If referendums are indeed to be blocked, due to lack of power at the Scottish Parliament, then the clever thing to do will be to use elections, in fact it will be the only ballot-box option left open. Elections also happen every 5 years which may console nationalists needlessly nervous of losing a referendum.
The alternative to a referendum on independence is not unthinkable – it is humdrum now! Further we should not wallow in the “tranquilising drug of gradualism” as Martin Luther King might have cautioned. For the good of society, national and international, we need an urgency in Scotland.
Some cynics may feel that sharp minds in the Scottish Government are quite aware the Referendum Bill will falter and hence there is no rush to push the Bill in Holyrood. Later disappointment is better than early disappointment from an activist management point of view. Who would want to face activists when pertinent warnings for a Plan B have been wilfully ignored?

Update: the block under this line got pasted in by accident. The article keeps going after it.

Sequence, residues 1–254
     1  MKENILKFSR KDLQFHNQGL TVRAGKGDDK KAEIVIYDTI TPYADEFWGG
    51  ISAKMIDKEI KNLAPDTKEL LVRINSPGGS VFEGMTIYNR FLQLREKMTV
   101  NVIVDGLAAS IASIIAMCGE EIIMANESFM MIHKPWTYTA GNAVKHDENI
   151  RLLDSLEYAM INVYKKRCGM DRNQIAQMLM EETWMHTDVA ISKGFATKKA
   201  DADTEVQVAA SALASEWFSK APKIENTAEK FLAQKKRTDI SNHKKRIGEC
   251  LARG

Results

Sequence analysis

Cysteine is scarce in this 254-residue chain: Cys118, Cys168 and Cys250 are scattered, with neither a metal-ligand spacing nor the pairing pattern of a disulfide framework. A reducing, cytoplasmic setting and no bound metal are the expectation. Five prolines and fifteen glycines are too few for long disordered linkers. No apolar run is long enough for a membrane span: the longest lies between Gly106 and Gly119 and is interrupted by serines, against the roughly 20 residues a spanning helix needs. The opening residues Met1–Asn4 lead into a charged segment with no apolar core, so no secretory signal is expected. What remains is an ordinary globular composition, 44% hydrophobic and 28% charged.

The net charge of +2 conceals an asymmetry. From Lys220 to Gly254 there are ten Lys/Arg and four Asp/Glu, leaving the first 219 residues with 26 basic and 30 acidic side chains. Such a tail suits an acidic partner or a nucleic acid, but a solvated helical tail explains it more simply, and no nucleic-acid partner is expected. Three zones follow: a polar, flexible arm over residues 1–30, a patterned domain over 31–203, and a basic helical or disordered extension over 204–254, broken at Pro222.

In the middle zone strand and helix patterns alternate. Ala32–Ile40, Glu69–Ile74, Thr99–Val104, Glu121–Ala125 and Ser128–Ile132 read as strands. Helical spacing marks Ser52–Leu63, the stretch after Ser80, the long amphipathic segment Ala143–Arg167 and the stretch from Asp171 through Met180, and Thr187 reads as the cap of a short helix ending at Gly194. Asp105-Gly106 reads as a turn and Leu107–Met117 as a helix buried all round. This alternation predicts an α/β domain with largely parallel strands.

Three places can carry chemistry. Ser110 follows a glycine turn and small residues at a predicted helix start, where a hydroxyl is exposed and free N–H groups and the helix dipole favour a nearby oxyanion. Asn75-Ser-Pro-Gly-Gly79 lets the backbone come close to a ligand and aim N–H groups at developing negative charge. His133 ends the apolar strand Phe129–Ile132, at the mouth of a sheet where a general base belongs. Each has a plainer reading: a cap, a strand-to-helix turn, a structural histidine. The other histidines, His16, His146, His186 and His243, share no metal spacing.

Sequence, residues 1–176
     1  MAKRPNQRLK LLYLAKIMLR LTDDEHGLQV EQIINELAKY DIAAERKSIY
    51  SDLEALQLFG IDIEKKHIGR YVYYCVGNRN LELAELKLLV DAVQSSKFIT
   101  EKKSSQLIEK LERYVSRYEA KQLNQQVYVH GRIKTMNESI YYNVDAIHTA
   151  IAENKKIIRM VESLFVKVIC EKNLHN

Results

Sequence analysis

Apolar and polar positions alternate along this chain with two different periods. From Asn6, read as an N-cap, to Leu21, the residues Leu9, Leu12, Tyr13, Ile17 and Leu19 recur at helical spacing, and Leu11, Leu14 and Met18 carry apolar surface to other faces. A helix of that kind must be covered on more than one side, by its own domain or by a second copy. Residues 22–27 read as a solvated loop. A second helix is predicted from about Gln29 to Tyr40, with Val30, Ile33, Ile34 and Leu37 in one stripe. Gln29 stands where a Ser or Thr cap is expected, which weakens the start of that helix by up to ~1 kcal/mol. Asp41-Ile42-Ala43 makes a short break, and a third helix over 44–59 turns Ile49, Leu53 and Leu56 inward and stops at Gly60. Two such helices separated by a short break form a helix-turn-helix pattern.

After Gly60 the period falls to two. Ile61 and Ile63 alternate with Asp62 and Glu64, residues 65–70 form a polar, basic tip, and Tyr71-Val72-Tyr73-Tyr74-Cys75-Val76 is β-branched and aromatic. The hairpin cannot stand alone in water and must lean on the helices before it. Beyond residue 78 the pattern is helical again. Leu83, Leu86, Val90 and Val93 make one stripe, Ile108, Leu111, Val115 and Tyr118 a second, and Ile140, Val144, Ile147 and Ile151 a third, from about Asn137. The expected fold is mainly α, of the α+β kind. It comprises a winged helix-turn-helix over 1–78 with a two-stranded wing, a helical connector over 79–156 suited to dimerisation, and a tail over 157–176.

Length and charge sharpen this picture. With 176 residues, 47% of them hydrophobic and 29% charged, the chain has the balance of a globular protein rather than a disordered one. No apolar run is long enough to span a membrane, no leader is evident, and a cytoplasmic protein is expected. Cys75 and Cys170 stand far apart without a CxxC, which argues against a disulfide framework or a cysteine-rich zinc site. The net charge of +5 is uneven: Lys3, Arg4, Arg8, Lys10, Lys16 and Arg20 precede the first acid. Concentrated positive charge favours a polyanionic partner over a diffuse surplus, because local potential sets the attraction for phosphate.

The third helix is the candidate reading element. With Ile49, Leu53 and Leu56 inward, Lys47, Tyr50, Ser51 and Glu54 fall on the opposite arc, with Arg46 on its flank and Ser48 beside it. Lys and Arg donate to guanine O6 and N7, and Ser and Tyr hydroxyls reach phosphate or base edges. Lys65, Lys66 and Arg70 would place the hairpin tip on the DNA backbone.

However, it must be dawning now on the few minds that were too thrawn to allow a debate on “Plan B” in the last few years, that now there is probably no other option but to use an election for independence. It was quipped before the 2021 election that the 2026 election would be the 2021 election for slow learners. Let us hope that the 2031 election is not therefore the 2026 election for the most stubborn of slowest learners.
Best we all get our heads around the simple fact that there likely will be no referendum before the next Scottish election, which for the purposes of a majority and the franchise, will be the next best independence opportunity.
Independence needs the permission of the people and can neither be declared or indeed conversely denied by opposing sets of politicians. There is always hope, with clever moves reacting to an opponent’s strategy and even a vassal parliament can pull off a checkmate, but only if we can capture the will of the people for independence in the ballot boxes of Scotland.
As published in the Press & Journal on October 28th 2021: https://www.pressandjournal.co.uk/fp/politics/scottish-politics/3562209/angus-macneil-i-certainly-would-not-bet-on-the-scottish-government-managing-to-hold-a-referendum/